21. 21. Dual-purpose crops – graze and grain ● Cereal and canola crops grazed without yield penalty ● Increase flexibility, profitability and reduce risk ● Increase animal and crop production from mixed farms
  22. 22. Future - precision animal management.... ● Efficient, safe grazing in larger crop paddocks “Virtual” fences ● zonal crop and stubble grazing ● livestock „sweeping‟ to achieve cover targets ● patch weed control
  23. 23. Principle 3 – Diversity (broad-leaf crops)Intensive cereals dominate (64-80%)Why cereals? easy to manage and market lower risk (cost and reliable performance) high residues for cover/grazingNew technology helps disease resistance, soil/seed fungicides, soil DNA testing precision inter-row sowing and residue management new herbicide options
  24. 24. Inter-row sowing in CA systems Inter-row On-row Take-all 18% Infection 50% Large stubble load● Cereal on cereal 6-9% yield benefit● Canola on cereal (Matt McCallum 2008)
  25. 25. CA Systems - the carbon conundrum..... Pastures build soil organic carbon (SOC) CA slows SOC decline, but rarely builds (slow) Why? Stable organic matter (humus) has a constant ratio of C:N:P:S 1000 kg C requires 83 kg N; 20 kg P; 14 kg S Nutrients (not C) might limit humus formation(Kirkby et al. Geoderma 2011)
  26. 26. Nutrients and C sequestration - incubation study Soil + stubble + supplementary nutrients Leeton 3.0 Laboratorystubble Soil + incubation study (Leeton soil) error bars are SE 10 t/ha wheat straw 2.5 + nutrients NPSCarbon (%) Carbon % 2.0 10 t/ha wheat straw 1.5 0 1 2 3 4 5 6 7 Incubation cycle Repeated addition of 10 t/ha wheat straw (3 monthly) (Clive Kirkby, Poster 122, pg 538)
  27. 27. CA systems - energy efficiency?Time, labour, fuel efficiencies undisputed (on-farm)Overall energy efficiency (grain yield per unit energy input) Conv. 173 kg GJ-1 Cereal-legume 360 kg GJ-1 No-till 177 kg GJ-1 Cereal monoculture 137 kg GJ-1Impact on GHG emissions (chemicals substitute for tillage) Chemical use 80 kg CO2e/ha Tillage 97 kg CO2e/ha (Maraseni & Cockfield 2011)
  28. 28. CA systems – component interactions Baseline Scenario (Kerang, Victorian Mallee)1980s - Burn/cultivate, grazed fallow, continuous wheat, sow after 25 May Cumulative improvements No-till/stubble retain, spray fallow, pea break crop, sow after 25 April Cumulative improvements Wheat Yield (t/ha) Baseline (1980s) 1.60 No-till /SR 1.84 No-till/SR + spray fallow 2.80 No-till/SR + spray fallow + pea break crop 3.45 No-till/SR + spray fallow + pea break crop + sow 25/4 4.01Kirkegaard and Hunt (2010) Journal Experimental Botany
  29. 29. Summary of key messages CA principles make sense - adoption is high Australian adoption is pragmatic (in system context) strategic tillage residue thresholds flexible sequences Evidence-based innovation needs to continue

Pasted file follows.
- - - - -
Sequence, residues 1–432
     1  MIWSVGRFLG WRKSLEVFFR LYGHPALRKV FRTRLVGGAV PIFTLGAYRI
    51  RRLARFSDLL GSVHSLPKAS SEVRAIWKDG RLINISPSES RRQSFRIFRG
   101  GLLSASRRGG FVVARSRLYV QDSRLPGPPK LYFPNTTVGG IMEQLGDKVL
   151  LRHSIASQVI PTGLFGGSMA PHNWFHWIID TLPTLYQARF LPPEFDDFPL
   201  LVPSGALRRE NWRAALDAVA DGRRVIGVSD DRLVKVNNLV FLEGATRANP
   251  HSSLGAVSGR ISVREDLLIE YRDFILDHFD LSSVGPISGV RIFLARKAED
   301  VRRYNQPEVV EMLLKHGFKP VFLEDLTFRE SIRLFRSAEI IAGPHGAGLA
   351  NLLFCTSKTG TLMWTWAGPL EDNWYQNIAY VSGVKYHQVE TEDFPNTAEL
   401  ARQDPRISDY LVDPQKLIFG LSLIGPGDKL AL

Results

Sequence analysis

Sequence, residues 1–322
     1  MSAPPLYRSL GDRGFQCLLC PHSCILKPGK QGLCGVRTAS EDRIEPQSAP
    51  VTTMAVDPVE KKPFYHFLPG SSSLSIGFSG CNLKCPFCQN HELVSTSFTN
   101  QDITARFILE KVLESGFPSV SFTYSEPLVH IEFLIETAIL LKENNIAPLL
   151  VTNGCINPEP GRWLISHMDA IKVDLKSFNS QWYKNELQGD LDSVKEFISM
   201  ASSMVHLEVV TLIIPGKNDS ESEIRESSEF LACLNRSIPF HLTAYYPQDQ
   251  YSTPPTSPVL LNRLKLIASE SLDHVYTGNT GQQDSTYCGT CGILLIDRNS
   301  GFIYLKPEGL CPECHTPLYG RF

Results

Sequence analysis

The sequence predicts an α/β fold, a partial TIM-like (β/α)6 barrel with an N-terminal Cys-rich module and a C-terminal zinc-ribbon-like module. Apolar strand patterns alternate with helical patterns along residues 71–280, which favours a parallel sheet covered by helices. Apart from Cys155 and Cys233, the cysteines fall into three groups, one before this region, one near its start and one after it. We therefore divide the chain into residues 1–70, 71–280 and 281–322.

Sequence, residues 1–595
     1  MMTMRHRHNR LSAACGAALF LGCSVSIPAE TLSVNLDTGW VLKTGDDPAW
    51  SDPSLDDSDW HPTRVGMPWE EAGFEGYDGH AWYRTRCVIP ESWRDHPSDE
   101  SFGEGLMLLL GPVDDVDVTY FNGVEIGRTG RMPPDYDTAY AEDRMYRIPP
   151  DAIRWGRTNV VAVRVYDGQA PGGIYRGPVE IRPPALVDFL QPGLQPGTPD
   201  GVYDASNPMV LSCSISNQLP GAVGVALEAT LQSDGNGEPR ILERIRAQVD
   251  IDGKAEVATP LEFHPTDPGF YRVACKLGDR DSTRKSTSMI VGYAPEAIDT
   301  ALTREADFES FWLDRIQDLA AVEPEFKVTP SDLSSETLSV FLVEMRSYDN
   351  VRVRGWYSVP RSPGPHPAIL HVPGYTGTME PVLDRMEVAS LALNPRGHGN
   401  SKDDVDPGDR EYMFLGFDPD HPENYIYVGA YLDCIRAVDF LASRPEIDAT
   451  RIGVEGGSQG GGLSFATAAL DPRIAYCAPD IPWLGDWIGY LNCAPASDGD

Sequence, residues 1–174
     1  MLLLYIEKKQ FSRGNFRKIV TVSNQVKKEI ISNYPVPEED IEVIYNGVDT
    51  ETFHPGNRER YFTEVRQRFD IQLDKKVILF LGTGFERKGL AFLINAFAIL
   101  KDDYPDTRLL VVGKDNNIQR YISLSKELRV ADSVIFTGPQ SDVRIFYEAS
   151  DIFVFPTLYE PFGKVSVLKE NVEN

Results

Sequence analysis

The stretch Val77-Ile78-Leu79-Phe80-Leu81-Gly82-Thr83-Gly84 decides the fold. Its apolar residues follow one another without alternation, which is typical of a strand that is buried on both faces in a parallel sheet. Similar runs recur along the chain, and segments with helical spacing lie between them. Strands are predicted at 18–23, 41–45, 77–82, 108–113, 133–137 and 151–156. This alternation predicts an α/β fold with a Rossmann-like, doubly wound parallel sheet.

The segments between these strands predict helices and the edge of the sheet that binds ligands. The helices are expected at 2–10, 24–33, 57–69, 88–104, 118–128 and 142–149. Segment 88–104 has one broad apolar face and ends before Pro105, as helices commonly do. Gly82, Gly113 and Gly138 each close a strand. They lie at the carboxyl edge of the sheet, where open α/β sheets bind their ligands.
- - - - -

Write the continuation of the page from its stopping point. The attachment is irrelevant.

30. 30. CSIRO Plant IndustryJohn KirkegaardPhone: 02 62465080Email: john.kirkegaard@csiro.auThank youContact UsPhone: 1300 363 400 or +61 3 9545 2176Email: Enquiries@csiro.au Web: www.csiro.au
  31. 31. Strategic tillage for multiple constraints Water-repellent sandy topsoil Herbicide resistant weeds Stratified organic matter Compact, acid subsurface (Steve Davies DAFWA)Deep Yellow Sand
  32. 32. Strategic inversion tillage (1 year in 10) Plough ($70/ha) Herbicides ($70/ha) Year 1 Yield 2.5 t/ha Yield 1.6 t/ha Inversion to 25 cm depth Year 2 Reduced weeds Reduced water-repellence● Reduced soil strength● Improved pH profile (+lime)● Increased C in top 30cm(Steve Davies DAFWA) Yield 2.5 t/ha Yield 1.5 t/ha
  33. 33. 3. Improving productivity of modern, no-till farming Adoption is driven by Erosion control, water conservation ● Labour, machinery, fuel savings ● Timelines of operations ● Soil “health” benefits ● Improved productivity
  34. 34. Impact of season on response to no-till  HARDEN 1.0  WAGGA Yield diff (RDD-BC) (t/ha) Yield gain 0.5 0.0       -0.5  Yield loss   -1.0  -1.5 0 100 200 300 400 500 600 Growing season rainfall (mm) Insert presentation title
  35. 35. Biological constraints in Retain - DD Yellow leaf spot RhizoctoniaInhibitory Pseudomonas Insert presentation title
  36. 36. Wheat productivity improvements ?? Yield differences (t/ha) State No-till vs Cult Retain vs Burn NSW 0.01 - 0.31 Victoria 0.04 - 0.02 Western Aust. - 0.03 - 0.09 Queensland 0.06 - 0.14 South Australia - 0.02 - 0.02 Mean - 0.02 - 0.15Review of 39 long-term experiments (Kirkegaard 1995)
  37. 37. Adoption of No-till
  38. 38. CSIRO long-term study, Harden NSW (commenced 1990) • Increased earthworms • Higher microbial biomass • Disease suppression (Rhizoctonia) • Higher abundance of mites, nematodes, collembola • Diversity shifts in mites, nematodes, collembola • Maintain levels of organic C and N • Improved infiltration and less runoff • Good crop establishment in all years • Reduced crop vigour and yield (-11%) x • Rhizoctonia, inhibitory bacteria, yellow leaf spot x • Herbicide resistance x • Increased drainage x